Wednesday, May 18, 2011

The Moral Landscape by Sam Harris -- thoughts on Chapter 2

     In the second chapter of The Moral Landscape, Sam Harris begins with evolutionary evidence regarding cooperation.  I want to inject a little Nietzsche into all this.  Nietzsche was afraid that evolution, rather than leading to the "survival of the fittest", would lead to the survival of nervous, rapidly reproducing little tribbles -- he didn't put it just that way, but you get the idea.  He was also concerned that Utilitarianism, maximizing happiness etc... is the royal road to the universal couch potato.  That is, when society gets all this worked out, what we will end up with is a bunch of overly-entertained, and thoroughly reprehensible, bourgeois slugs whose idea of excitement is playing virtual parchisi on their wii.

     The question is, can Harris's viewpoint satisfy the existential view that, in fact, we don't want happiness, we want freedom?  Well maybe, maybe not.  Can we take this all into account when we are looking at the brain and create a society that turns us all into a bunch of ubermensches?  Consult Brave New World by Aldous Huxley before deciding whether this is a good idea: a speech by one of the world controllers suggests a world full of ubermensches is not good for collective happiness.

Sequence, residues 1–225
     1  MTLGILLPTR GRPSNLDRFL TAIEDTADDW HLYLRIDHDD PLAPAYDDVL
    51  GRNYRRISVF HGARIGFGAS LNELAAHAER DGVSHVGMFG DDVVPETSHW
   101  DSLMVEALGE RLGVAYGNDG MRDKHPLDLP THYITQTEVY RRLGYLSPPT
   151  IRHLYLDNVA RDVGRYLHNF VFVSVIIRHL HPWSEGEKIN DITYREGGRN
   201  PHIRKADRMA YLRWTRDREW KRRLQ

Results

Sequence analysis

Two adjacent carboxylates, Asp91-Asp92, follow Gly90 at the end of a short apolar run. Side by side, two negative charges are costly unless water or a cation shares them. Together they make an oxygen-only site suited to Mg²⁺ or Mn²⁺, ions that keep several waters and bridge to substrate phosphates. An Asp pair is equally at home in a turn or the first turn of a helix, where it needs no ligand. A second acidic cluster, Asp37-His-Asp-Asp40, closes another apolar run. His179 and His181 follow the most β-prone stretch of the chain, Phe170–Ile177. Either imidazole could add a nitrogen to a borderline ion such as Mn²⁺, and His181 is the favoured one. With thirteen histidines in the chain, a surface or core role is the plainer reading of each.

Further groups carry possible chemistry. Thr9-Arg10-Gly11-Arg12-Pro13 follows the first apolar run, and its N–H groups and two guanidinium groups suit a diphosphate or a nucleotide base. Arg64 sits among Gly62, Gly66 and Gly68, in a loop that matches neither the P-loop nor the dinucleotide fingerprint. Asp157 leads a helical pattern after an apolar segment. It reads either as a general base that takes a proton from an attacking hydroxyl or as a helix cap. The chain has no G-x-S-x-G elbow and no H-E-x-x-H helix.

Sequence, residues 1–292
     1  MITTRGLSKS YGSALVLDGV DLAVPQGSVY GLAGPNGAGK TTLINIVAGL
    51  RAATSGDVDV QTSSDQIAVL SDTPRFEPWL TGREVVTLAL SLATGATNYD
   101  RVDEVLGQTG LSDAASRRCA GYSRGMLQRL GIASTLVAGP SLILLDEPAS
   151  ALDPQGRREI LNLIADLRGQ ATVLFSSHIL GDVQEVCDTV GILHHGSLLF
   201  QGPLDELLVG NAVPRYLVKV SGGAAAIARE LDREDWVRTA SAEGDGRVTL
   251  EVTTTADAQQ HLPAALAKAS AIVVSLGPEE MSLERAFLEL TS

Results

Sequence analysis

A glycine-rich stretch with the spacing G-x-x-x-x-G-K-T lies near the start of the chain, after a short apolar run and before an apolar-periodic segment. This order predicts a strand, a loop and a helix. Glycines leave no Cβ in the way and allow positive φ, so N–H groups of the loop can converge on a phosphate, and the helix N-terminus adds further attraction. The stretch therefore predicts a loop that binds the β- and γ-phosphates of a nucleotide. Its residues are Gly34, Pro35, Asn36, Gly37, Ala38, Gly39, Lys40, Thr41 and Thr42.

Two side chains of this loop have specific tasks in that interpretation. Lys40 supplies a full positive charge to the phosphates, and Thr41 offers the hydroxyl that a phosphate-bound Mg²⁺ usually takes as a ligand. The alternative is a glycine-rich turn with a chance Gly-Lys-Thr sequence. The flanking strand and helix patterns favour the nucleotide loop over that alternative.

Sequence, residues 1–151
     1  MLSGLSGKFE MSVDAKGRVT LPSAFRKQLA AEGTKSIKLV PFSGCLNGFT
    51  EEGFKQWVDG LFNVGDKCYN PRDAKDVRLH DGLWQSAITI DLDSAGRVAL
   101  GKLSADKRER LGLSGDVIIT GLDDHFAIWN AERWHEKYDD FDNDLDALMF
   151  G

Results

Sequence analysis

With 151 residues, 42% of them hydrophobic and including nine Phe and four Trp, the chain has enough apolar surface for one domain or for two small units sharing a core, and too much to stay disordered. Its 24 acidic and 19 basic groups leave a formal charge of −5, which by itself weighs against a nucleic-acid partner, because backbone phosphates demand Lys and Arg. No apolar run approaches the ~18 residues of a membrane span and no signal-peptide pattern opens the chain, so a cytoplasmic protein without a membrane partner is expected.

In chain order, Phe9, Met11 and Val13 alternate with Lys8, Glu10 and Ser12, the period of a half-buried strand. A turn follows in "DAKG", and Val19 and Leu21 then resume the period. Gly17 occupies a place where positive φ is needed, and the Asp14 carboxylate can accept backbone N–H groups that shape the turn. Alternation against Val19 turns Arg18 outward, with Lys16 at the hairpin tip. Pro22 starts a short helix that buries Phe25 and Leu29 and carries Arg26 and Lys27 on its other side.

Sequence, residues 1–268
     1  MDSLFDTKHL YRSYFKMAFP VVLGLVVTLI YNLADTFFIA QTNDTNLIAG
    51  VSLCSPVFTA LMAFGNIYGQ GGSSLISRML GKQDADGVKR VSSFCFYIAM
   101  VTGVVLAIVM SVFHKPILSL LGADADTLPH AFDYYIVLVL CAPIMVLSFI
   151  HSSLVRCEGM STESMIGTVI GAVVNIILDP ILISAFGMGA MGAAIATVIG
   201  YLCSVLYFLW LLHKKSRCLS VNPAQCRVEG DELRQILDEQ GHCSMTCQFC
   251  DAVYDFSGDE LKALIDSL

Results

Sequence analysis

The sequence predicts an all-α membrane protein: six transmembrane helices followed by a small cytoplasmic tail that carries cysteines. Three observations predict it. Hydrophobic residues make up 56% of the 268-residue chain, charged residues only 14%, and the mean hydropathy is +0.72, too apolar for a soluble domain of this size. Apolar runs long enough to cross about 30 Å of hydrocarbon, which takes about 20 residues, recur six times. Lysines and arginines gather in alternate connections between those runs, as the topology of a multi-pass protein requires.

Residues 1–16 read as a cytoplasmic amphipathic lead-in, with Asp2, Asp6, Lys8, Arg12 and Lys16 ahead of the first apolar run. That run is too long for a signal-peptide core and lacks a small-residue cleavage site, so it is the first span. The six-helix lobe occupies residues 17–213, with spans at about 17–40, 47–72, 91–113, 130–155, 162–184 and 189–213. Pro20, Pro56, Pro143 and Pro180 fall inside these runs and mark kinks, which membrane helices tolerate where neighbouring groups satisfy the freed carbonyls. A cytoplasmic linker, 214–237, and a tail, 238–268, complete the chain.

But then, maybe all this talk is a bunch of romantic, 19th century, goolash which we should just forget about and get back to the business of "inventing happiness" as Nietzsche's Last Man says.  I mean, what would you have an organized society do, NOT try to make people happy? NOT try to maximize well-being?    
     Furthermore, Harris does take on the problem of free will and determines(haha) that it is an illusion, I agree.  Now, if free will is an illusion, then is there anything to the Nietzchean point of view? Yes, because Nietzsche didn't believe in free will; even though he makes much of creating our lives as a work of art, he does not believe in free will metaphysically.  The question is, what is our experience of life?  Do we have the sense of creative "fulfillment" -- illusion or not?  How do we conceive of ourselves? As admirable? As pathetic?  Nietzsche is more concerned about our will to be creative than about whether metaphysically there is anything like "free" will.  Can we change society to create one where people feel more "powerful" and creative in this sense?  Can science do this for us? a priori I don't see why not.

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